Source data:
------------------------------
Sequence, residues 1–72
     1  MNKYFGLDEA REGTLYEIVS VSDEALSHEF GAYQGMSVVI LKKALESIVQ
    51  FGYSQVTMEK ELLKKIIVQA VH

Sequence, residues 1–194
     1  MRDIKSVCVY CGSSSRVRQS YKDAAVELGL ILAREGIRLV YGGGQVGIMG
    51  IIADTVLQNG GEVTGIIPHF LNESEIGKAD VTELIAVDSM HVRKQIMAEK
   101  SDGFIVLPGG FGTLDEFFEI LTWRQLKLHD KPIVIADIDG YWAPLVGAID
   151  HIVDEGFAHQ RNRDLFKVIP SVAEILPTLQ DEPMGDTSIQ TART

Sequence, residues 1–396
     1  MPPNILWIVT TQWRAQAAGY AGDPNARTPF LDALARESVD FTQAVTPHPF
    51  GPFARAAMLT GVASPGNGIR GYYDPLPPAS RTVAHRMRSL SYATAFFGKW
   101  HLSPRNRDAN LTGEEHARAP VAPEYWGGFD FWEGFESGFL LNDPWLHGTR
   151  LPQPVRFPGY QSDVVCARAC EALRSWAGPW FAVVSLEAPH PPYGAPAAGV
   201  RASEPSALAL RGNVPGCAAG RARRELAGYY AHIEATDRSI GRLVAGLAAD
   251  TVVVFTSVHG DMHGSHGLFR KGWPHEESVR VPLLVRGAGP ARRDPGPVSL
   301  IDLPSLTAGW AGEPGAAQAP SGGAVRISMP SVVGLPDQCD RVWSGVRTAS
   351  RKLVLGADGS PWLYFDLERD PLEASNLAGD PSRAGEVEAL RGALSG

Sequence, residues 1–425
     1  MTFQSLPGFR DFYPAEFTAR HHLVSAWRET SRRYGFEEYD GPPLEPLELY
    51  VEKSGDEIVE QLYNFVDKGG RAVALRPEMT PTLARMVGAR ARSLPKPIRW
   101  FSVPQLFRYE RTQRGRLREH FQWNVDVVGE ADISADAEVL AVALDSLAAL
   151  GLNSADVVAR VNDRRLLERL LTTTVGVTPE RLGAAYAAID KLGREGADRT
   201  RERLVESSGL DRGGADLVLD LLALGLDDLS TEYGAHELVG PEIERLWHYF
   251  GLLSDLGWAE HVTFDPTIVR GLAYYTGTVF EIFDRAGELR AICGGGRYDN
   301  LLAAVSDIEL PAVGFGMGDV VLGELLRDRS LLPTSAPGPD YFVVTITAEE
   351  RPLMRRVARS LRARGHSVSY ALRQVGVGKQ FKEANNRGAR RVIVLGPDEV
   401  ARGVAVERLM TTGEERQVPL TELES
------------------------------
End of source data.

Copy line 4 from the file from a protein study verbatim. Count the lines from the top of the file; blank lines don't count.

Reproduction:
Sequence, residues 1–194